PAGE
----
She just lost in the 4th round of the Australian Open to a woman who played three matches before the Open, and sixteen in all of last year. Serena Williams, who could stand to lose (at least) ten pounds in order to regain some semblance of fitness, is taking down seeds at a major like she's nineteen again. I'm not talking about seeds like Elena Dementieva, either. Her other scalp is Nadia Petrova, only number five in the world.
So. Is women's tennis at a place where the top is comprised of those who avert injury enough to play a full schedule? Or are things about to get very interesting? A bit of both, I think.
Even with two Slams under her belt, all you need to know about Amelie Mauresmo is that you just never know. And Svetlana Kuznetsova, without question, grabbed a Slam when the women's game was in a freefall. She was ranked third in Australia, and lost in the fourth round. Their victors, Shahar Peer and Lucie Safarova, are no slouches, and, by all counts, are legitimate up-and-comers. Especially with Kuznetsova, though, the question of whether a three seed is too high for her at a major has been answered emphatically.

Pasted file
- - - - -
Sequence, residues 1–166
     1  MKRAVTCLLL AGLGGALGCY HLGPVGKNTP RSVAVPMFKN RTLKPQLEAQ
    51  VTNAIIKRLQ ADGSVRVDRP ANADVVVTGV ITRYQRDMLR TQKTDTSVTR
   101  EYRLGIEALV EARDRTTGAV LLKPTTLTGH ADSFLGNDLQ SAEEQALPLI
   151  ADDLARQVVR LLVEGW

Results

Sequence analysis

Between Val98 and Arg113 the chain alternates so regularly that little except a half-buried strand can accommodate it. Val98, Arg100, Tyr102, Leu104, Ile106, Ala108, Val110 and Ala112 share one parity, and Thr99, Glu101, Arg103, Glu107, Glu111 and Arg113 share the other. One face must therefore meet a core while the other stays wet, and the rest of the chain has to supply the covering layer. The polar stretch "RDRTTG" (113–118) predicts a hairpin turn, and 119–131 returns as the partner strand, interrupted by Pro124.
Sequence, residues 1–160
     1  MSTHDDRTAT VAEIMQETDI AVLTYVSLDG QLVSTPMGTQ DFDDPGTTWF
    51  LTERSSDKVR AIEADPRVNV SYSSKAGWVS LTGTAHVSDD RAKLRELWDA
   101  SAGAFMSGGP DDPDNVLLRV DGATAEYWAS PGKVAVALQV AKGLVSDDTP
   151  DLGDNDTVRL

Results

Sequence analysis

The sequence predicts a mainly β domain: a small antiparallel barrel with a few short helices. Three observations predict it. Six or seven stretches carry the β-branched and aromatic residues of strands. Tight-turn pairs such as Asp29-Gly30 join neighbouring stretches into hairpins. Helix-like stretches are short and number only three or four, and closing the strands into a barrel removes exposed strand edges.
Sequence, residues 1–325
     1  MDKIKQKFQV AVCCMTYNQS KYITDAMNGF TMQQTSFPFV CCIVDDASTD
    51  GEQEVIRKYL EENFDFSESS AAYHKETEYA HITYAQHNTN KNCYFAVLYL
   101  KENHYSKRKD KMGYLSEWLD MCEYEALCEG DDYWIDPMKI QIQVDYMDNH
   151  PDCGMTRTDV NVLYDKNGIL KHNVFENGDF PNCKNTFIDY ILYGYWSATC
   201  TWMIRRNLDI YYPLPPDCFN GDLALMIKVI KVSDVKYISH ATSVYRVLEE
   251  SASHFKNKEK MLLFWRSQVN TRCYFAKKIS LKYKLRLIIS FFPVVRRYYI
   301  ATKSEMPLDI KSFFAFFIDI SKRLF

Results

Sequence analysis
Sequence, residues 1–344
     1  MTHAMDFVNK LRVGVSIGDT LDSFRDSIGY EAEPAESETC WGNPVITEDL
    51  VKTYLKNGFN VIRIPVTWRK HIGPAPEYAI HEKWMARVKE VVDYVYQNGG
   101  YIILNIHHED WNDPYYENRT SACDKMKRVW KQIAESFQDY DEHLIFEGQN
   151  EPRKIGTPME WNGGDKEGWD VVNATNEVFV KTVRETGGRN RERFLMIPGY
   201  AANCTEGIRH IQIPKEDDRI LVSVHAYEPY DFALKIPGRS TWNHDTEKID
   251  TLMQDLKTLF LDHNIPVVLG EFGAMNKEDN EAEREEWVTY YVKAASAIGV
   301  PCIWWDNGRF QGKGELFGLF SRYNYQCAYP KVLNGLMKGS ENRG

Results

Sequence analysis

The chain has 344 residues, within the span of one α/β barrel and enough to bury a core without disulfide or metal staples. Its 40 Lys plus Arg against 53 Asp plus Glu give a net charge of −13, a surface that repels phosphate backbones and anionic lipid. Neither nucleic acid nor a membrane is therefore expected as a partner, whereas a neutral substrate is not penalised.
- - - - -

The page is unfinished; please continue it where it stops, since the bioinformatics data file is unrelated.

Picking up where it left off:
Would the top 10 list look dramatically different if not for the injuries/departures of the Williams sisters, Clijsters, Davenport, Hingis and Capriati? Yes. And if you know the game, I bet you have an idea who just who wouldn't be there.
But are Peer and Safarova tough players? Hell yes. What we're seeing now in the women's game (I hope) is the development of depth. Soon, perhaps, it'll shake out like the men's game, where you have your top echelon, but you have those guys who always make things interesting. What's great about men's tennis is that there may be players you've never heard of, but they've got game. Most men's first-round matches aren't thirty minutes long.